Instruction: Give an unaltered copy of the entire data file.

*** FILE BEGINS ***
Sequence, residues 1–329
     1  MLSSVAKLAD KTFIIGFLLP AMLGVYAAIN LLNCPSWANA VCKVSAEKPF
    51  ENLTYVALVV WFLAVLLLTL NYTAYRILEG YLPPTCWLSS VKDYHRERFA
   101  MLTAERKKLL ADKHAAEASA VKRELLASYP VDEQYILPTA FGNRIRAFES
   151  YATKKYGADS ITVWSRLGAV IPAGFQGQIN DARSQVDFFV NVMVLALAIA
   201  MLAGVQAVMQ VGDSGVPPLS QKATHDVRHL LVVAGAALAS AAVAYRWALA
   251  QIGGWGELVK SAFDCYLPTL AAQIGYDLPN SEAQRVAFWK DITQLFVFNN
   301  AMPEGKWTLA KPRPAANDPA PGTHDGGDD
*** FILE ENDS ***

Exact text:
Sequence, residues 1–329
     1  MLSSVAKLAD KTFIIGFLLP AMLGVYAAIN LLNCPSWANA VCKVSAEKPF
    51  ENLTYVALVV WFLAVLLLTL NYTAYRILEG YLPPTCWLSS VKDYHRERFA
   101  MLTAERKKLL ADKHAAEASA VKRELLASYP VDEQYILPTA FGNRIRAFES
   151  YATKKYGADS ITVWSRLGAV IPAGFQGQIN DARSQVDFFV NVMVLALAIA
   201  MLAGVQAVMQ VGDSGVPPLS QKATHDVRHL LVVAGAALAS AAVAYRWALA
   251  QIGGWGELVK SAFDCYLPTL AAQIGYDLPN SEAQRVAFWK DITQLFVFNN
   301  AMPEGKWTLA KPRPAANDPA PGTHDGGDD